The Underground Economy

Individuals and firms sometimes conceal the buying and selling of goods and services.

What Is Underground Economy?

Economists have termed this concealed buying and selling as underground economy, in which case their production won’t be counted in GDP Opens in new window.

The underground economy (sometimes referred to as the cash economy, black economy or shadow economy) is the buying and selling of goods and services that is concealed from the government to avoid taxes or regulations or because the goods and services are illegal.

Individuals and firms conceal what they buy and sell for three basic reasons:

How the Underground Economy Hurts Developing Countries

Estimates of the underground economy in Australia range widely, between 1.5 percent and 14 percent of measured GDP.

However, the underground economy in some developing countries may be more than 50 percent of measured.

In developing countries the underground economy is often referred to as the informal sector, as opposed to the formal sector, in which output of goods and services is measured.

Although it might not seem to matter whether production of goods and services is measured and included in GDP or unmeasured, a large informal sector can be a sign of government policies that are retarding economic growth.

Because firms in the informal sectors are acting illegally they tend to be smaller and have less capital than firms acting legally.

The entrepreneurs Opens in new window who start firms in the informal sector may be afraid the government could someday close or confiscate their firms. Therefore, the entrepreneurs limit their investments in these firms.

As a consequence, workers in these firms have less machinery and equipment to work with and so can produce fewer goods and services.

Entrepreneurs in the informal sector also have to pay the costs of avoiding government authorities.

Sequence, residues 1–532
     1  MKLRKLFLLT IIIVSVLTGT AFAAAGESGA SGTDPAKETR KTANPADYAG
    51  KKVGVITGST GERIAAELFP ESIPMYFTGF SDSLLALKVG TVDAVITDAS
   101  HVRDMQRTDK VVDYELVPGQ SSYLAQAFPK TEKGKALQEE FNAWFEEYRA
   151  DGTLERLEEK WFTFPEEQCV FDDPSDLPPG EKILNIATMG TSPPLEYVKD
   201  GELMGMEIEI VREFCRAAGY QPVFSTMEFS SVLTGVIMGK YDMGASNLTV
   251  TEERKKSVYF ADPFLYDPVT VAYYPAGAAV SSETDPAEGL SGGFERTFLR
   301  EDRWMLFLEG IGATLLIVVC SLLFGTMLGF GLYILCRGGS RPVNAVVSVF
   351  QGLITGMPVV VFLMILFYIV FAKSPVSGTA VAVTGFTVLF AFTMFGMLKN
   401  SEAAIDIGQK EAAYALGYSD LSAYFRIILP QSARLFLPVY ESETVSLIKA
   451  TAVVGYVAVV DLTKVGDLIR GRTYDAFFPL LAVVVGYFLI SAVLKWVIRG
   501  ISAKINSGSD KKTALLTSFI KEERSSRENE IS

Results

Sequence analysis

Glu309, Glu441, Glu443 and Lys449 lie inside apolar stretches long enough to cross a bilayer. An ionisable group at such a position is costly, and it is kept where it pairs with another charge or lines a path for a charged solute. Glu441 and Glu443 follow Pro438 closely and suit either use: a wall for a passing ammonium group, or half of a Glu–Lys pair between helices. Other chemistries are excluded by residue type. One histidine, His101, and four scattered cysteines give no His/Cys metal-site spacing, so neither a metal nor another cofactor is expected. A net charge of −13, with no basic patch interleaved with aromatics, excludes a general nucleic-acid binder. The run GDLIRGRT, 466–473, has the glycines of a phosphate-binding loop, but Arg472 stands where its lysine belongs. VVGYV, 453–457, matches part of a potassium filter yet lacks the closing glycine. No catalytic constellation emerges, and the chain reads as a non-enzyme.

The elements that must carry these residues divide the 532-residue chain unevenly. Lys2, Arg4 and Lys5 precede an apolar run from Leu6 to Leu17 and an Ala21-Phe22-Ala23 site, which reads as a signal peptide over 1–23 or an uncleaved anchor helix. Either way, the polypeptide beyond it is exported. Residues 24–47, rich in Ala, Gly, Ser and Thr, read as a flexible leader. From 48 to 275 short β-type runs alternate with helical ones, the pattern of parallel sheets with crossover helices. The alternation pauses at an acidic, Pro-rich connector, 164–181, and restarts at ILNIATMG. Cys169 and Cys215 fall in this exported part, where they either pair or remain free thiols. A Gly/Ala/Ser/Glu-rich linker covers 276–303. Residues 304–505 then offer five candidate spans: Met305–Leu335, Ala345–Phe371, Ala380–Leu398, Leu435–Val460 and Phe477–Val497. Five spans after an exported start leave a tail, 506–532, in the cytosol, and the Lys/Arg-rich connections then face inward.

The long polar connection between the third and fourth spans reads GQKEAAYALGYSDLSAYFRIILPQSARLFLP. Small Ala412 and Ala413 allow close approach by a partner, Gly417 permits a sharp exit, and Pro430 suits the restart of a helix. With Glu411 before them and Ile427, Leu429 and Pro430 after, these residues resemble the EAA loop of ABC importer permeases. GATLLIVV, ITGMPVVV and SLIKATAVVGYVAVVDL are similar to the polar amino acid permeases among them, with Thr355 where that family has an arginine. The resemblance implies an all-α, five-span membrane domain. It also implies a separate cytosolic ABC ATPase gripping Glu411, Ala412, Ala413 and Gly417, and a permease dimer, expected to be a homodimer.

For example, construction firms operating in the informal sector in Brazil have to employ lookouts who can warn workers to hide when government inspectors come around.

In many countries, firms in the informal sector have to pay substantial bribes to government officials to remain in business.

The informal sector is large in some developing economies because taxes are high and government regulations are extensive.

For example, firms in Brazil pay 85 percent of all taxes collected, as compared with around 20 percent in Australia. Not surprisingly, about half of all Brazilian workers are employed in the informal sector.

In Zimbabwe and Peru the fraction of workers in the informal sector may be as high as 60 percent or 70 percent.

One estimate put the size of the informal sector in India at nearly 50 percent.

Many economists believe taxes in developing countries are so high because these countries are attempting to pay for government sectors that are as large relative to their economies as the government sectors of industrial economies.

Bringing firms into the formal sector from the informal sector may require reductions in government spending and taxes.

In most developing countries, however, voters are reluctant to see government services reduced.